Q&A with greg smogard, phd

Assistant Vice President, Innovation and Business Development 

With the appointment of Greg Smogard, PhD, as assistant vice president of innovation and business development, USF Sarasota-Manatee added a proven corporate and higher education leader to establish and build mutually beneficially partnerships between businesses and the university. 

Smogard’s professional experience is steeped in marrying innovation with resources, which includes executive positions with Fortune 500 companies and working with global brands in more than 40 countries. Most recently, he served as director of the Innovators for the Americas program with the Center for International Business Education and Research (CIBER) at the University of Miami. In addition, he is an author, international consultant, world traveler and consistent supporter of and investor in a wide-range of startups. 

 His current role includes: 

  • Developing and expanding comprehensive and sustainable relationships between the university and the local business community. 
  • Maximizing and customizing the current USF innovation ecosystem to meet the rapidly growing and changing needs of local academic and business communities.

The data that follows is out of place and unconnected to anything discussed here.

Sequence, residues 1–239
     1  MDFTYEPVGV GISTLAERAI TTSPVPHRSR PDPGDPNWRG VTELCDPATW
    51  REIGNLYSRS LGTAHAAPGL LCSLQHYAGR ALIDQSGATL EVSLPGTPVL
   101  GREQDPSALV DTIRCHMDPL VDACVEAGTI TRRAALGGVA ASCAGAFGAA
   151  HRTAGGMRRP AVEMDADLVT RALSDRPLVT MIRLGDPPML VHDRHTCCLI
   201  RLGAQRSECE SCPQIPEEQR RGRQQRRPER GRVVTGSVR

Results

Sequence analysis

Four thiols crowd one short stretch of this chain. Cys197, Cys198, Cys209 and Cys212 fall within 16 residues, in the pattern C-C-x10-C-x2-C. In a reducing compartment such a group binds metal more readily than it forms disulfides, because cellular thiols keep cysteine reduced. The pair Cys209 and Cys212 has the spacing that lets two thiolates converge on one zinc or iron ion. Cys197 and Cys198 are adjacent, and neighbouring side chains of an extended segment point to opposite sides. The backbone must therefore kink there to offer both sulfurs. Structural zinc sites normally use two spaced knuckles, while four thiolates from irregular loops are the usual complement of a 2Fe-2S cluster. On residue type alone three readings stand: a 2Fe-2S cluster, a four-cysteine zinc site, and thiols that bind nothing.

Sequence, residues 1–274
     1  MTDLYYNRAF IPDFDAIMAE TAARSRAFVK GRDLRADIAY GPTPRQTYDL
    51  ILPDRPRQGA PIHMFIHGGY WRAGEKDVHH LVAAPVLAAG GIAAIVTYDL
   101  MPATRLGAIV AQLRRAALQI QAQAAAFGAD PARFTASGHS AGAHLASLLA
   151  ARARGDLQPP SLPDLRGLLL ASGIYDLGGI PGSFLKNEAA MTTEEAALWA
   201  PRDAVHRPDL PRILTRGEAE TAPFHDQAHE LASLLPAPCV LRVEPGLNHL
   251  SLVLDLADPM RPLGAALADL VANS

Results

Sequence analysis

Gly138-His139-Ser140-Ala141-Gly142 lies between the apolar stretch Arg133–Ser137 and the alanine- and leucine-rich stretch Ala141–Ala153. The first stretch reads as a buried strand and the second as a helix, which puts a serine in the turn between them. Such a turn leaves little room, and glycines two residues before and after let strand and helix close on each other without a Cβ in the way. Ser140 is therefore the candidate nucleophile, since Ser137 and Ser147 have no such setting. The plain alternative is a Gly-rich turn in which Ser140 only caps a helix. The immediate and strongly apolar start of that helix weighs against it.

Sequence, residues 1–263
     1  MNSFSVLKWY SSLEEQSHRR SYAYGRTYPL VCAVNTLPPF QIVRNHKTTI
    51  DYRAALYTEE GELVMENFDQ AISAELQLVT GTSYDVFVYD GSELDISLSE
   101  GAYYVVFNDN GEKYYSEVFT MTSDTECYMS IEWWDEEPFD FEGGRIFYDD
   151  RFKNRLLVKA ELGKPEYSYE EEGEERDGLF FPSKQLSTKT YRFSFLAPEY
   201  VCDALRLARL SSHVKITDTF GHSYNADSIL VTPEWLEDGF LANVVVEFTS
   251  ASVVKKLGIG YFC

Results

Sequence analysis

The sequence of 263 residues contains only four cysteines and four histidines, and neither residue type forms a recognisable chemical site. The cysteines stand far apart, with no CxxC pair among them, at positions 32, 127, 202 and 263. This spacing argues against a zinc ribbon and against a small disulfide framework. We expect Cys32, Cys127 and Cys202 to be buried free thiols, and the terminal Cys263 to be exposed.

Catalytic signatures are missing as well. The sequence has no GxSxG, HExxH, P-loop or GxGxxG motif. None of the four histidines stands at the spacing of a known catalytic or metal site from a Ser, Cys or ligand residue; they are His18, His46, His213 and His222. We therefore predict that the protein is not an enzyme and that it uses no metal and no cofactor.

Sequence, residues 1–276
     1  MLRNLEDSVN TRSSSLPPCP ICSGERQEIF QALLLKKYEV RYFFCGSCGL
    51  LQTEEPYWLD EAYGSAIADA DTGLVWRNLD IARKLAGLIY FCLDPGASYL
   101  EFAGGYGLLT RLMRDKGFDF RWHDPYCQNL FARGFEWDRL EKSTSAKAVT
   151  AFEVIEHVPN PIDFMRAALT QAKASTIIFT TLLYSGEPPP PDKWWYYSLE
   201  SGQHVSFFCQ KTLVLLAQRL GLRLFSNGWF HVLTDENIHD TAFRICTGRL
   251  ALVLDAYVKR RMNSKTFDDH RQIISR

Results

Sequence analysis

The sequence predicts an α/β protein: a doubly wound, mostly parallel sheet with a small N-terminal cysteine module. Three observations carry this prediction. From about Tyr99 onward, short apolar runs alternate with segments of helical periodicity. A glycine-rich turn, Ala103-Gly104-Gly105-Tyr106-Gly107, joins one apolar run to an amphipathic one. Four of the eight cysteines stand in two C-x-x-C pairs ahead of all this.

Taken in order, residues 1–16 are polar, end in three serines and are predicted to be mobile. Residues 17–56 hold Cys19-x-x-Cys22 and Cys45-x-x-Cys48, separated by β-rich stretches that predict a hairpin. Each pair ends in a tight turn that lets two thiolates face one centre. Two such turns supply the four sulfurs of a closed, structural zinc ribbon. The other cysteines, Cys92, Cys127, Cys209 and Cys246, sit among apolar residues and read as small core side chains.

• Working with university senior leadership on key strategic initiatives. 
  • Seeking new opportunities to form research partnerships with businesses and community stakeholders. 


Q: What excites you about your role? 

A: I have always been excited about opportunities to expand an entrepreneurial and innovation ecosystem, especially when it involves collaboration between entrepreneurs/innovators, the private sector and higher education. For decades, I have recognized the tremendous opportunities that exist in this dynamic and fast-growing community, which stretches from the Sunshine Skyway Bridge through Sarasota and Manatee counties including Lakewood Ranch and south through North Port and Venice. After relocating here from Miami, I looked for such an opportunity. Through my network, I was introduced to Dr. Karen Holbrook, our regional chancellor at USFSM. I was impressed with her background at Ohio State and Embry-Riddle Aeronautical University, her strategic vision and her outstanding leadership. She was clear about her commitment to student success, community engagement, research and workforce development. Over the last few months, I have worked with staff, faculty and some students and have been impressed with their professionalism, dedication and expertise, which makes my job even more exciting. 

Q: Describe the USF innovation ecosystem. How can it grow? 

A: Through the USF consolidation process, we will have access to a comprehensive and robust entrepreneurship and innovation ecosystem we can leverage to assist our campus along with our Cross College Alliance and community partners. By expanding our cutting-edge research, tech commercialization/transfer process, start-up incubation and funding capabilities, we can make a quantum leap forward. 

Q: What trends have you noticed in the Sarasota-Manatee region, and how can USFSM provide partnership and support?